Thursday, June 26, 2008

So you want to be a president

There are a lot of people studying higher education at the graduate level who aim to some day be college presidents. It's getting to the point where my response is, "Another one?," while trying to restrain myself from patting them on the head. Statistically, you see, most of them just don't have much chance, any more than your average aspirant to the presidency of the U.S. or would-be pop star.

Most college presidents followed what is known as "the traditional path." That is, they started off as professors, then eventually became a department chair, an assistant dean, a dean, a provost, and finally a president. They may skip a step or two, but it's rare to go from prof to prez. (It does happen.) The number of non-traditional presidents was rising for a while, but it has plateaued at well under 50% of new appointments. Keep in mind that "non-traditional" includes not only non-faculty tracks within colleges (i.e., student affairs) but also non-academic careers like government or business - and the latter seem to make up the majority of non-traditional hires.

Presumably, higher ed grad students are not aiming to go non-trad outside of academia. They may wish to move up through student affairs; they don't plan to become real estate moguls. Like any institution, academia has fewer places as you move up the ladder - there are more profs than chairs, more chairs than deans, more deans than provosts. (The exception is that there are not more provosts than presidents, since each school has one of each.) So ponder this: If you wanted to be promoted, would you be better off entering a field where lots of your colleagues want administrative posts (education) or where only a few do (physics, sociology, nursing, take your pick)? The competition is even fiercer on the non-faculty side of the house.

Now those who study higher education do have a particular advantage in that they often vhave theoretical knowledge of running institutions of higher education. But they also have the disadvantage of having degrees in one of the least respected fields of academia. Surf on over to the Chronicle of Higher Education forums and see what other disciplines have to say about ed doctorates if you need examples. This mitigates any advantage those studying higher education have over their competitors.

Essentially, the smart way to aim at the presidency is to study a field outside of education that has the repute of some degree of rigor, where few of your colleagues have people/leadership skills. (May I suggest economics?) This doesn't mean that no higher ed aspirants will reach their goal; I have bets on at least one particular person I know making it. It does mean, I think, that one is better off keeping one's aspirations to oneself early in the career. If you're already a provost - please, do let people know; that's how you get onto the radar of search committees. But if you're still in grad school? If you're on message boards with names like "futureuniprez" after a few years in fundraising work, trying to decide where to get an EdD? Maybe you're better off letting people know what you can offer in the next job you're ready for, which is assuredly not the presidency.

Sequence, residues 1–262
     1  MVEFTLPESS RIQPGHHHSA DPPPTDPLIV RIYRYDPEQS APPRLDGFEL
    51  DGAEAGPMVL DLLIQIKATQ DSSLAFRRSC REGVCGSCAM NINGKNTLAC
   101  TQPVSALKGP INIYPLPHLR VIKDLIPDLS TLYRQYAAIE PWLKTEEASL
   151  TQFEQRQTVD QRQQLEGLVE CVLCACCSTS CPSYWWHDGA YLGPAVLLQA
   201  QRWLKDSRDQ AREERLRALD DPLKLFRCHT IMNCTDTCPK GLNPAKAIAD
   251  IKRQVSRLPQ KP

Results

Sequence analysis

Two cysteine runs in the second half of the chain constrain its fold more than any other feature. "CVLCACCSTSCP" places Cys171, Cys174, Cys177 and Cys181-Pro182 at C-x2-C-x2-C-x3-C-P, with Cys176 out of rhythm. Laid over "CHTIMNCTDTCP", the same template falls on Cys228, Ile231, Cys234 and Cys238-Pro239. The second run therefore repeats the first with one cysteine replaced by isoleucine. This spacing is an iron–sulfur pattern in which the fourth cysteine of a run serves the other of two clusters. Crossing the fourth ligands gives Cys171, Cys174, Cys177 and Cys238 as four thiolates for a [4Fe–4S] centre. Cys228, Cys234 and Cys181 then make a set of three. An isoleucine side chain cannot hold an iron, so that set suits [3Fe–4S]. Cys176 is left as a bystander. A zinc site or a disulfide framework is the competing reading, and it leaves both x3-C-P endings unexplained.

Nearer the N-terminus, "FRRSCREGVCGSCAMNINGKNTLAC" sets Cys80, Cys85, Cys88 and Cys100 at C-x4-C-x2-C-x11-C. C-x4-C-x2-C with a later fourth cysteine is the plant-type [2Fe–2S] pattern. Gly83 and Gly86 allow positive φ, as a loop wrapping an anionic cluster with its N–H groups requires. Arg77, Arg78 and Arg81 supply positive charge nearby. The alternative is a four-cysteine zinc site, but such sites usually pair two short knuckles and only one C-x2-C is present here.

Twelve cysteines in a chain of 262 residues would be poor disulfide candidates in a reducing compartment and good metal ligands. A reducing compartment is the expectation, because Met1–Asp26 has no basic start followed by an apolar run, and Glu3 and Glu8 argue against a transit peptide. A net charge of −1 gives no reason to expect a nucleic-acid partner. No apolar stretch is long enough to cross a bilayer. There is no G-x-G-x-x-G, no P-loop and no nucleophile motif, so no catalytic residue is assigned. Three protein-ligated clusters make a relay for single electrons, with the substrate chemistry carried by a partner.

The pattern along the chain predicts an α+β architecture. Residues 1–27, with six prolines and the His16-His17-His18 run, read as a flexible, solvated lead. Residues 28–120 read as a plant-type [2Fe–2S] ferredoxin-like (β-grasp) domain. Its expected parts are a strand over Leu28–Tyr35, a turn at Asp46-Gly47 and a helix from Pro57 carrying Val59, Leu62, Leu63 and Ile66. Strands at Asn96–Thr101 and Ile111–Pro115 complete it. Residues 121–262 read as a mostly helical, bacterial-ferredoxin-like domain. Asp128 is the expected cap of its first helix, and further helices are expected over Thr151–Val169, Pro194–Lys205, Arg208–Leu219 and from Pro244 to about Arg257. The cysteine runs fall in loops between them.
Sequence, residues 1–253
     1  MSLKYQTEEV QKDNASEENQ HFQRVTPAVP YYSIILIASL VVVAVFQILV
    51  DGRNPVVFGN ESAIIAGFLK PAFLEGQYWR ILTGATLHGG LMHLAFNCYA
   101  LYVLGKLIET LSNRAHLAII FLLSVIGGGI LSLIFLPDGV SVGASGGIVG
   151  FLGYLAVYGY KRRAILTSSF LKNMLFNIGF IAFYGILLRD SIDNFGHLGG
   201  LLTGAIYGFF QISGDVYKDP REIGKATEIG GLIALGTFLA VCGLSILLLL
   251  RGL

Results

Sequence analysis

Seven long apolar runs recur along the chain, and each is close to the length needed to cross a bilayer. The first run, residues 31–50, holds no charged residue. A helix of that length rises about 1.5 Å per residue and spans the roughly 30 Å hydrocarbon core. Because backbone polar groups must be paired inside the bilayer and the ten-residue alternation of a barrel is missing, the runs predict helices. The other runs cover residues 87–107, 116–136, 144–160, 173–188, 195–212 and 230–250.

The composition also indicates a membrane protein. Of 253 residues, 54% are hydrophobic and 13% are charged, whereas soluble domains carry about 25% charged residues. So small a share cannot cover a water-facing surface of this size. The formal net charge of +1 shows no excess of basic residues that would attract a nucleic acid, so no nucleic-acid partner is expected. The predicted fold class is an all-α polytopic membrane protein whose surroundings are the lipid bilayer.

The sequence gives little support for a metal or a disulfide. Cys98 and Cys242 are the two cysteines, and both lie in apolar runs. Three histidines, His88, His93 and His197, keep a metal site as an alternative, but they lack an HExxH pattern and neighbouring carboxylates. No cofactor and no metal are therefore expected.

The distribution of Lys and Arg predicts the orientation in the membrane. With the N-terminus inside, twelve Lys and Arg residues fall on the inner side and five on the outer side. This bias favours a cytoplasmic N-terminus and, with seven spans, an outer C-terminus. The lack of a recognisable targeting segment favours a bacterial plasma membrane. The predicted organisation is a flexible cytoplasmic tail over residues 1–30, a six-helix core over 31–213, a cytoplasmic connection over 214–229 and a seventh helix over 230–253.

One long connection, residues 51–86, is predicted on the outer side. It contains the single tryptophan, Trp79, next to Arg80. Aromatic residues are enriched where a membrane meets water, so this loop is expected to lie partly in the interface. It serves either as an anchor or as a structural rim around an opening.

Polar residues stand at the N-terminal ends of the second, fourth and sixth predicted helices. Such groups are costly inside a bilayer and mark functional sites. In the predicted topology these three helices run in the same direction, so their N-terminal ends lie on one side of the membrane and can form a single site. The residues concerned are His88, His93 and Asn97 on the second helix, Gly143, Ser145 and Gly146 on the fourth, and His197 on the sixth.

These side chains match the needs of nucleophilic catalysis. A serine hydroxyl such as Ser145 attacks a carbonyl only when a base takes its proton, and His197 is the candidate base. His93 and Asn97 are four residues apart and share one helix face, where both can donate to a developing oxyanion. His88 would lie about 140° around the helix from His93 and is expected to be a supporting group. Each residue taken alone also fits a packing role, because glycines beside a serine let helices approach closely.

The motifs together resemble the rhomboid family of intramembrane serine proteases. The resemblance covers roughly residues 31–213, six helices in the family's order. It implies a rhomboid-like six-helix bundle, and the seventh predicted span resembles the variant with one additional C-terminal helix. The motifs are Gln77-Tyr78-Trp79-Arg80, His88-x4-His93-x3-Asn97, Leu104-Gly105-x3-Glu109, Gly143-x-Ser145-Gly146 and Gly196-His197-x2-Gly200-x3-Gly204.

At that early point, after all, you're not just aiming for the statistically improbable. You're also making the career mistake of telling those who hire what you want to get, not what you can give. One of my mentors has said that leadership in academia is very much about being tapped rather than applying for it. When people talk about their presidential aspirations, they often fail to demonstrate they understand how to get there from here. That's cute in a second grader who wants to be president of the U.S., but not so cute in a 20-something scavenging for free food at the annual conference. If you want to be a college president, prepare yourself so you are ready to be chosen. Don't anoint yourself.

Of course, it's not like I have any credentials to give advice in this matter. All I'll lay claim here to is the basic math sense to understand the proportion of aspirants to openings.

And if you want to anoint yourself in your heart, go for it. Dream big. Just don't expect that when you tell your colleagues your dream, they're going to think, "Why, I never thought of X in that way before, but now I see he's destined for great things." They're going to think, "There's another one." And need I point out that it's never beneficial to be seen as just another commodity, a typical member of a set, a herd animal?

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